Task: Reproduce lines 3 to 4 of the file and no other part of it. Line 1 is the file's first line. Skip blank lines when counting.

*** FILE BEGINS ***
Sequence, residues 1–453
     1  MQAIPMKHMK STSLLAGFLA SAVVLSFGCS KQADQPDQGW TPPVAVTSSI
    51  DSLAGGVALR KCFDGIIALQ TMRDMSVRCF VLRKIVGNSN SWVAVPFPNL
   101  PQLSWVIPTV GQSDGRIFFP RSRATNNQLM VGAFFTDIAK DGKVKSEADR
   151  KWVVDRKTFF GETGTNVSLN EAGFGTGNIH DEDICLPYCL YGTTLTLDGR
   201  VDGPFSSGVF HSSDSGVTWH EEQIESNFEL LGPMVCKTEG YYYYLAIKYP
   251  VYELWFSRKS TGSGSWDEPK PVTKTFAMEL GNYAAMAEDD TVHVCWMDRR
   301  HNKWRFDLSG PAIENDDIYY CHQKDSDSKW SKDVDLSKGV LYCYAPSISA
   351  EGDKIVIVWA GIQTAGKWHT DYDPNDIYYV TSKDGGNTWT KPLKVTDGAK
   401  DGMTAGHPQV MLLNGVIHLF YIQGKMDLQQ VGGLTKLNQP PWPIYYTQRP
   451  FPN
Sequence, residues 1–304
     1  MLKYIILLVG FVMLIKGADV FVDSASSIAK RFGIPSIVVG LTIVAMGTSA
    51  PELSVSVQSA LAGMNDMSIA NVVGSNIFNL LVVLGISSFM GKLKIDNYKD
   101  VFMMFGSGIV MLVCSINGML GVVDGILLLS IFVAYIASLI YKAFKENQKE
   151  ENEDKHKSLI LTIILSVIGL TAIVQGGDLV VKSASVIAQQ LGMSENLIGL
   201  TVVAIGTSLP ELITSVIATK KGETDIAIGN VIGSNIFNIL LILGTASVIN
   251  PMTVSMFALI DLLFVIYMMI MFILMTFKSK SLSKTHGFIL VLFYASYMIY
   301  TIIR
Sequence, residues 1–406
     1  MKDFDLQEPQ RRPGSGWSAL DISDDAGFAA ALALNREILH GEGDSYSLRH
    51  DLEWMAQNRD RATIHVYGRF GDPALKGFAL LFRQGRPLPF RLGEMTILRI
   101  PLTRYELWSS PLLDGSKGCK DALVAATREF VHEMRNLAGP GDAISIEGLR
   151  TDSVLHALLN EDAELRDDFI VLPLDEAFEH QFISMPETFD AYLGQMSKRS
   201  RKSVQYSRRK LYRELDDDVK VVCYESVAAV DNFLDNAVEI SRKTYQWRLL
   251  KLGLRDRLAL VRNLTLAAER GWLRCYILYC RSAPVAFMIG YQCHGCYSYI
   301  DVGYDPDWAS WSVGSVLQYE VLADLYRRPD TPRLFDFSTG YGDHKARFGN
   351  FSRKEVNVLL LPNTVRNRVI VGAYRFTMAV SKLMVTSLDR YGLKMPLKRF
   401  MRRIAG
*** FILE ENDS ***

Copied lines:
    51  DSLAGGVALR KCFDGIIALQ TMRDMSVRCF VLRKIVGNSN SWVAVPFPNL
   101  PQLSWVIPTV GQSDGRIFFP RSRATNNQLM VGAFFTDIAK DGKVKSEADR